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ZAPPA IN NEW YORK

The Illinois Enema Bandit

Notes and Comments

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  Check out also Titties And Beer serious music allusions discussion
  And now a little piece of history for ya
From: BBC-TV interview by Nigel Leigh
  As was cited by Neil Slaven Zappa. Electric Don Quixote p.189
  "FZ: I actually heard about it on the radio. We were returning from a job in Nornal, Illinois and had the radio on in the sation wagon. The announcer said, "The Illinois Enema Bandit" has struck again', and I went, "What!" Apparently, this guy had been ravaging the area of Southern Illinois for a number of years. He would find a co-ed's apartement with the door unlocked and he would walk in with a ski mask on and I guess a revolver, and force the woman to experience a severe internal rinse at gunpoint
  ...
  Many of the things that I've written have been true stories in song about onscure people who did obscure things, and the function in the same folk music tradition except that it's been performed on electric instruments" [To Frank, Michael Kenyon's anal obsession was " the chance to do a folk song, especially since we were playing a lot of jobs in the Midwest. He's like a household name here, he should have a song."
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And now folks it's time for
Don Pardo
To deliver our special
Illinois Enema Bandit-type announcement
Take it away, Don
From: headly@AccessPoint.North.Net (Headly Westerfield)
  I am an American and even I do not understand the importance of Don Pardo in popular culture. By all rights Don Pardo should just be a nameless voice with NBC, an American network. He annouces for the network. But his name came into public usage when on a particular gameshow (I can't remember which one) the gameshow host would say, "Don Pardo, tell her what she's won!" Ever since then the words and persona of"Don Pardo" has been fodder for comedians (Weird Al, amany others), and other popular culture outlets. Don Pardo is now an Icon.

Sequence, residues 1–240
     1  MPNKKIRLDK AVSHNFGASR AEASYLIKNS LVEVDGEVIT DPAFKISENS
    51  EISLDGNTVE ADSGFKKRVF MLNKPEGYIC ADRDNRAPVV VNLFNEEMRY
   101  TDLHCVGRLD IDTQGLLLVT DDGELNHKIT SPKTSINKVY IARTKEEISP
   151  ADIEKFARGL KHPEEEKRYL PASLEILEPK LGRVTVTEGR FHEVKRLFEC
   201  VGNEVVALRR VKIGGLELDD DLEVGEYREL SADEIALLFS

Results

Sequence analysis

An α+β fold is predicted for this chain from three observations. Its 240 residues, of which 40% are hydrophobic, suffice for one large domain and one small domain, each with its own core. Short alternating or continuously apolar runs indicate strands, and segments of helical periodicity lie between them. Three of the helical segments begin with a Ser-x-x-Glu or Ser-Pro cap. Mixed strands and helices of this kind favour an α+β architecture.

From: thawley@fcca.csi.com (Todd Hawley)
  Well, he was the announcer for years on the Original "Jeopardy" w Art Fleming in the 60s & 70s (I guess that's when it was on). That's where I knew him from. He also was the announcer on SNL when it first started; Gilda Radner even did a bit about Pardo's house & family & Pardo did it in his usual game-show announcer voice. Those of you here in the Bay Area that listen to KFOG know him as the original announcer for Dave Morey's "10 at 10."
From: robert@kannon.sybase.com (Robert Garvey)
  I think the album was recorded around the time Frank did an appearance on Saturday Night Live, during which he'd performed "I'm the Slime" and "Approximate/The Purple Lagoon", the latter while John Belushi cavorted as the Samurai Jazz Musician. Members of the horn section on Live in New York are from the Saturday Night band, Lou Marini and Tom Malone. Frank probably hit on the idea of adding Don Pardo for the sophisticated narration in the concert(s) during while at NBC for Saturday Night Live.
  Yes, I'd agree that Don's place in American popular culture merited his inclusion in Frank's entertainment plans.